Head Twitching: What Is It?
A person with head twitching is one who experiences a sudden twitch or spasm of their head, neck and face. Usually these are not accompanied by any other symptoms such as nausea, vomiting, dizziness or loss of balance. People may experience it only once in a while and then they will go back to normal within 24 hours. There is no known cause for this condition.
The most common causes include:
Head injury (such as a blow to the head)
Cerebral hemorrhage (bleeding inside the brain)
Brain tumor (a mass of cells in the brain)
Stroke (loss of blood flow to parts of your brain)
How Does It Affect You?
You might experience it when you are driving, talking on phone, working at computer or performing other activities requiring concentration. If you have it constantly, you might suffer from it day after day.
Some people experience it for long periods of time and even develop a fear of going out in public. Others do not notice any change in their behavior. Some people think that they are just having a bad headache or experiencing some sort of mental problem which needs to be treated.
Head twitching can be a symptom of a more serious medical condition. It is best to consult your doctor immediately who will be able to determine the cause behind this condition.
How Is It Treated?
Treatment for head twitching depends on the cause and some of the common treatments include:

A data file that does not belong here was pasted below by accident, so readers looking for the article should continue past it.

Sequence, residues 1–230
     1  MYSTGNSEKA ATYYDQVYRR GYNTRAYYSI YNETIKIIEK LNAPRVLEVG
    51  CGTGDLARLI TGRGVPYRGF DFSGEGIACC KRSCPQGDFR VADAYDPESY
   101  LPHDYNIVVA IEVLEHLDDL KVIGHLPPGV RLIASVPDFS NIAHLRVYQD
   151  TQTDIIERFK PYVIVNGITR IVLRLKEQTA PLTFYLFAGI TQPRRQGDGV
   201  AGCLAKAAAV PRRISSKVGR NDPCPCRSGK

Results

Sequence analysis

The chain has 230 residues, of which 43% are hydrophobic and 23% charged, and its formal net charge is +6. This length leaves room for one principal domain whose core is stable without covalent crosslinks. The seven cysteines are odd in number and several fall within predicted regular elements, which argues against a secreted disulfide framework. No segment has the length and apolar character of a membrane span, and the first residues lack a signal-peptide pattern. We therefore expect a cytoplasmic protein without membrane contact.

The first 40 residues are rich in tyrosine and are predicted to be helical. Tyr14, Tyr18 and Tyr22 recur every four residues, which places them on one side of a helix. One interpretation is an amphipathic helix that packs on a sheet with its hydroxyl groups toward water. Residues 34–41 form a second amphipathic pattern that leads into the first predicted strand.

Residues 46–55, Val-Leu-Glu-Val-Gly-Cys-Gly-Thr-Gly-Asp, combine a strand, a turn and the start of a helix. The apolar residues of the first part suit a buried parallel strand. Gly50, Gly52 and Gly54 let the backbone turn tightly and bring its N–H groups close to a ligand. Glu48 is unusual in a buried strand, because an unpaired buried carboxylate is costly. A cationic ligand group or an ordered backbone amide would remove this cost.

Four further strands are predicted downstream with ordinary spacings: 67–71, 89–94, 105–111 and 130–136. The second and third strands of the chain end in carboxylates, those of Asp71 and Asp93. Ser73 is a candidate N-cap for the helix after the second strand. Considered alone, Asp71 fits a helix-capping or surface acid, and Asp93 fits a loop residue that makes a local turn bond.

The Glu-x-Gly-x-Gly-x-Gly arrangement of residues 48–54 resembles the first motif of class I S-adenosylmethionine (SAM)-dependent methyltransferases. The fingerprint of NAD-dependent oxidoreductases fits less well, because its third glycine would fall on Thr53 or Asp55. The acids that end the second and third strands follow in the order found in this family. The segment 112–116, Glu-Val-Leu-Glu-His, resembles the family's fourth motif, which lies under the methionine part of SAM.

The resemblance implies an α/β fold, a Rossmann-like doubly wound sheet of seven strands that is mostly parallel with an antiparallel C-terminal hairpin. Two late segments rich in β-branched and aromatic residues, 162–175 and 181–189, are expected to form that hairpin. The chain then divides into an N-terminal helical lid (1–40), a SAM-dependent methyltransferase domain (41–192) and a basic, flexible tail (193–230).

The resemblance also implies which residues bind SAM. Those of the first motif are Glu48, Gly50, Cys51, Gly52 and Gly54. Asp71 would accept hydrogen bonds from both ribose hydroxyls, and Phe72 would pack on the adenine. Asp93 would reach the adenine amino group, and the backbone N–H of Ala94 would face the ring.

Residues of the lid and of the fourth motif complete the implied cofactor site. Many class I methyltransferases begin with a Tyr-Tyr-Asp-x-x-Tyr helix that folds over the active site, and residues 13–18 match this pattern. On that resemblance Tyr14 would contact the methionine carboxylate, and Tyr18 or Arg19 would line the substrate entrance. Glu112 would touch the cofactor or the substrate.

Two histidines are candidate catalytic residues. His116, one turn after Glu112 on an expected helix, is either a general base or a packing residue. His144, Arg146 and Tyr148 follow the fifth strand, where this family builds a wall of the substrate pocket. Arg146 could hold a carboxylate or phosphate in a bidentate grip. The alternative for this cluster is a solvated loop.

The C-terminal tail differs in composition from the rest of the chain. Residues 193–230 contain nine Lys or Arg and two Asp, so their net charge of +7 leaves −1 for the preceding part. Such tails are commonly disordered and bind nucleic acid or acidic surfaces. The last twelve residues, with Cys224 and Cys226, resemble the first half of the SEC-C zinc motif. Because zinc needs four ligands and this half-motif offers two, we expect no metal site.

Physical therapy: Physical therapy might help in reducing the number of twitches and spasms.
Anti-seizure drugs: These drugs decrease the intensity of twitches and spasms.
Therapeutic injections: These may be given to relieve pain or burning sensations that are caused due to head twitches.
Surgery: Surgery might be necessary in case of brain tumors.
It is best to consult your doctor immediately!
What Should You Do?
Some people experience it for short periods of time and it does not have any significant effect on their lives. However, you should still consult your doctor immediately to rule out a more serious underlying condition. On the other hand if you never had it before and if you have never had any head injury or stroke then you do not need to worry about it!
What Are The Causes Of Head Twitching?
Nervous System Disorders: Epilepsy, seizure, migraine, brain tumors, multiple sclerosis and other nervous system disorders can cause head twitches.
Head Injury: A blow to the head may result in temporary head twitching.